CSE498, Collaborative Design, Fall 2019
Computer Science and Engineering
Michigan State University

Headquartered in Zeeland, Michigan, Herman Miller is one of the world’s largest producers of high-end office furnishings. The company’s ergonomic office chairs are used in modern workspaces around the globe.

Herman Miller provides a wide array of customization and configuration options for each piece of furniture, including an extensive catalog of over 30,000 fabrics.

Every individual piece of fabric used in a product undergoes extensive human verification to ensure the correct fabric is used and no defects are present. Some fabrics, however, are very similar, with differences scarcely visible to the human eye.

Our Computer Vision for Furniture Manufacturing system utilizes machine learning to verify fabric color and pattern on each piece of furniture that passes through the assembly line.

First, Herman Miller’s entire fabric catalog is analyzed to enable our system to know what fabrics are available.

When a panel passes through the assembly line, a barcode is scanned, processed, and an image of the furniture is taken and sent to our system. This barcode indicates what fabric should be present. If there is an error, the fabric and the barcode will not match.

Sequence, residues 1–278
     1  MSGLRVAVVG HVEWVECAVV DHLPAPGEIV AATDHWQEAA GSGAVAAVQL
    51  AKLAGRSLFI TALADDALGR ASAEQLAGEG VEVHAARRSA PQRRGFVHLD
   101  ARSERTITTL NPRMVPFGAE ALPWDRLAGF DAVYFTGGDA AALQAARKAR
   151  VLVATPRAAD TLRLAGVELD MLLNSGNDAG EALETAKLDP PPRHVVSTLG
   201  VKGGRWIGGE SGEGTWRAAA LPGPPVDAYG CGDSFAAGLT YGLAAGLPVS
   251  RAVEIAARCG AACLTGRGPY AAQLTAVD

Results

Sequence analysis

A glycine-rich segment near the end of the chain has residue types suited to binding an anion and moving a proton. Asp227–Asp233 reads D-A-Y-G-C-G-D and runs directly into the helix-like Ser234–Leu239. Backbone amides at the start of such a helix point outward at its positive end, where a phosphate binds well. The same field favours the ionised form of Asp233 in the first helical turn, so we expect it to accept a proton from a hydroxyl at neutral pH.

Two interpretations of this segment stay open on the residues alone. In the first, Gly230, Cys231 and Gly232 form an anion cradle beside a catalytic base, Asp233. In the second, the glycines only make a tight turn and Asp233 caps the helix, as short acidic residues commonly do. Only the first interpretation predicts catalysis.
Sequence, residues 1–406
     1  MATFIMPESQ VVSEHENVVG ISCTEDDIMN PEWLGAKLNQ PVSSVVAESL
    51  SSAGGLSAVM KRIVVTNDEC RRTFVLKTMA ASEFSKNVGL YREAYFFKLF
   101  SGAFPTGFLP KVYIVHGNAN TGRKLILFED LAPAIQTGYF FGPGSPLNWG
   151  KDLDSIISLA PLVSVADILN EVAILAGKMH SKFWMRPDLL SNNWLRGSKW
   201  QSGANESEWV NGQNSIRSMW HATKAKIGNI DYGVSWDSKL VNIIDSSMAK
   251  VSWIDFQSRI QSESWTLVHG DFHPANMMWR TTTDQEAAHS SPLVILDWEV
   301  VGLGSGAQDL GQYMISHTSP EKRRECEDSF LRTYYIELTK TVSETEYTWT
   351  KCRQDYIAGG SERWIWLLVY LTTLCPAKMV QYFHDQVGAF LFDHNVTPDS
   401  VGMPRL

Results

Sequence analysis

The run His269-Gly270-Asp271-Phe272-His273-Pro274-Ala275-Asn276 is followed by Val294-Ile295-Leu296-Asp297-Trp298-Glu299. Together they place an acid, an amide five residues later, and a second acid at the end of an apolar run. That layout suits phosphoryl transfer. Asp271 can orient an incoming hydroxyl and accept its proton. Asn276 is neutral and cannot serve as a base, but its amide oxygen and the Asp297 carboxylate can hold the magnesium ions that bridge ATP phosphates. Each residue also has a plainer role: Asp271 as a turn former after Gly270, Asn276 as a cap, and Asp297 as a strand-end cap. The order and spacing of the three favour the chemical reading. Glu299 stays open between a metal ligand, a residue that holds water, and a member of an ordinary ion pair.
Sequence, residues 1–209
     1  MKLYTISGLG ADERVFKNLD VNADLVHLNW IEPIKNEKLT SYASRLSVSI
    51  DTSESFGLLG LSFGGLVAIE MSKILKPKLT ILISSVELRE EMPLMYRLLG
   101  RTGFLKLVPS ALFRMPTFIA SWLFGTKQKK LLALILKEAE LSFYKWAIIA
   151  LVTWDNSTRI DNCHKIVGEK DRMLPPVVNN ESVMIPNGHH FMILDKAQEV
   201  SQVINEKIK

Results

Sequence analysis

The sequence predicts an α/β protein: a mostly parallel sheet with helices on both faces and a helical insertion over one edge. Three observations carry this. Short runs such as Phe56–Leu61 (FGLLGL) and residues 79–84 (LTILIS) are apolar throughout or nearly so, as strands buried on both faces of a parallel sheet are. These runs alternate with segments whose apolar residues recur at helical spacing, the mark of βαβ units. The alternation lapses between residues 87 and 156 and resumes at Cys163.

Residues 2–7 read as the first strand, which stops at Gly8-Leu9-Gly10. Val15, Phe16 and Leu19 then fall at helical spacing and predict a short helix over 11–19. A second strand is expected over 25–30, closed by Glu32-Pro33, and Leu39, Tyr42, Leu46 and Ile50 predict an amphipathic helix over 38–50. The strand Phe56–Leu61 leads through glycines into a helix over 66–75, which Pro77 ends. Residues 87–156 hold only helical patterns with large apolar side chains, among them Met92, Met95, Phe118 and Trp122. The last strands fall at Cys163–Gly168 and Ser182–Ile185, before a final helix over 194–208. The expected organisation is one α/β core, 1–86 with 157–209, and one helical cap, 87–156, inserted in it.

The verification results are displayed for Herman Miller operators on our web dashboard. If an error is detected, the operator can rectify the problem before the product is shipped. Our system removes human errors that might occur from similar looking fabrics.

The Computer Vision for Furniture Manufacturing system uses Tensorflow and SageMaker to handle color and pattern verification. Flask, which is hosted on Amazon Web Services, provides a web interface to display verification results. A Raspberry Pi, barcode scanner, camera, and a light system are used to take consistent photographs on the assembly line and upload them to Amazon Web Services for analysis and verification.